According to a recent QuickBooks survey, the #1 reason freelancers go into business for themselves is because it lends them the freedom to shape their own career path.
Whether you’ve done freelance web design work for a few months or a few years, there may come a time when you feel bored, unchallenged, or limited by it. When that happens, do you keep charging along because it’s what you originally set out to do? Or do you work on turning your career path into something that better aligns with your goals and job preferences?
One possible career pivot I want to present to you today is web consulting. Be sure to scroll down and take the quiz to see if this is a smart move for you!
Designer vs. Consultant: What’s the Difference?
A web designer or developer is someone who actually gets their hands dirty. They’re the ones who use coding and design skills to build a website from the ground up. Projects usually only last a couple months, unless maintenance services are offered afterwards.
A web consultant is an advisor for those in need of or who already have a website. They can provide a one-time assessment to clients or work as a dedicated advisor and guide.
Consultants specialize in the total landscape—from user persona research to optimization of a website and related marketing activities post-launch. As such, a web consultancy enables you to offer as little or as much as you’d like, unlike web design services which are a bit more rigid in nature.
In fact, selling consulting as an add-on to your web design plans could prove quite lucrative in and of itself. Not only would you become a total end-to-end provider of website services, but this would help you retain clients over longer periods of time.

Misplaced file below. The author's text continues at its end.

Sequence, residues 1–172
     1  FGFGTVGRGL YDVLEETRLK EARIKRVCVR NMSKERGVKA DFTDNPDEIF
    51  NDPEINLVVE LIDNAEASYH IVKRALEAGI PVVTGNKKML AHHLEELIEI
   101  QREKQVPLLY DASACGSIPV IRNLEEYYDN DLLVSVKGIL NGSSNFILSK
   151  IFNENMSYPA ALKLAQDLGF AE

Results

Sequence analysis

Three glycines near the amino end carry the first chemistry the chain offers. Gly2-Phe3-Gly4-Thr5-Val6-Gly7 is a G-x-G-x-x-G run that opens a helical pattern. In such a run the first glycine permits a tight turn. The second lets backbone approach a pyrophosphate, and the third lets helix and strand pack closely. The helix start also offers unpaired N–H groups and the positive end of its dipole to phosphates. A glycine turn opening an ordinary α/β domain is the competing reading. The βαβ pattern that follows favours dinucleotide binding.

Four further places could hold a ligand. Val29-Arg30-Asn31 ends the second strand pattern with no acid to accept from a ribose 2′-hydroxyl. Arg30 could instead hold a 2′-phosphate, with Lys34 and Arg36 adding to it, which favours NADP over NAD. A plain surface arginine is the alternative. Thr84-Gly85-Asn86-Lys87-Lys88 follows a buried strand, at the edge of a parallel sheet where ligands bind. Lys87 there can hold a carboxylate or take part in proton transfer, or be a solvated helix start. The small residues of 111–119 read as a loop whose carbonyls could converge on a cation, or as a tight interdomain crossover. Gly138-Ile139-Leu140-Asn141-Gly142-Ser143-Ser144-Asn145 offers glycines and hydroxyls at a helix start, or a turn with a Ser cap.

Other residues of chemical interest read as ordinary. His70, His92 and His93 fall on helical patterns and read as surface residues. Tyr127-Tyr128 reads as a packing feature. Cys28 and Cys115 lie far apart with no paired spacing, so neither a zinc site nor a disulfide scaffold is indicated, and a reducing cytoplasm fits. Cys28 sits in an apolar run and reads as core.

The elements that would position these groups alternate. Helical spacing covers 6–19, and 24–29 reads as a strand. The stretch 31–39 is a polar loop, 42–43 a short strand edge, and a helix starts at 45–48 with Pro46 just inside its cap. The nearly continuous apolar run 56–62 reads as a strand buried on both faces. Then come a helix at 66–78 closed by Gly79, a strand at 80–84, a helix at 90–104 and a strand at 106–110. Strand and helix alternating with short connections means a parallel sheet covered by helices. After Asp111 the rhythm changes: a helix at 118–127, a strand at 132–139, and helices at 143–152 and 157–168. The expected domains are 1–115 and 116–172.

Plus, as website builder tools grow more and more popular, you may find that many of the clients you would’ve easily sold design services to a year ago now confidently believe they can build a website on their own. And they have a point. Builders have greatly simplified the work that goes into creating professional-looking websites.
What these builders haven’t been able to do, though, is teach everyone how to choose the right color palette for accessibility or the right typeface for mobile users. Nor do page builders explain the importance of things like security and speed in the grand scheme of SEO. They may remove the need for someone to do hands-on work on a website (at least in your clients’ eyes), but they haven’t taught these DIY users the why of it all.
Take the Quiz: Are You a Designer or a Consultant?
I don’t mean to make this a completely black-or-white question. I believe that you can still build websites for a living while also providing occasional consulting to clients. Or vice versa. In fact, performing a mix of duties might be the perfect way to spice up your workday while bringing some much-needed stability to your income.
Use the following quiz to shed some light on whether or not website consulting is a viable path for you:
If you’re an implementer through-and-through, consulting isn’t a good choice for you.
If you’re not happy with the job anymore, it’s time to look at another career path, like consulting.
Consultants are inherently great at project management. If you don’t have the skills or interest, don’t go down that path.
Small business owners would appreciate the guidance, but won’t be able to afford your services. Enterprise-level companies will want the total package from you, so unless you have an agency, it may be best to hold off on approaching them.
If you’re not a people-person, consulting will be a very bad fit.
Consultants aren’t just people-persons. They’re also know-it-alls (but in the good sense).
Consultants are voracious learners. They have to be if they want to provide guidance that’s well-informed and valuable.
Unless you plan on providing one-off consulting services to clients, planning to consult, design, and develop by yourself just isn’t sustainable.
Is Web Consulting for You?
Not everyone is cut out for web consulting. And that’s fine. There are other ways to provide high-priced and recurring services to clients. Like selling website support or maintenance services.
But if you’re unhappy with what you’re doing now, don’t let your discontent affect the quality of your work. Find a way to fix it by pursuing a career path that makes the most sense for you.
Featured image via DepositPhotos.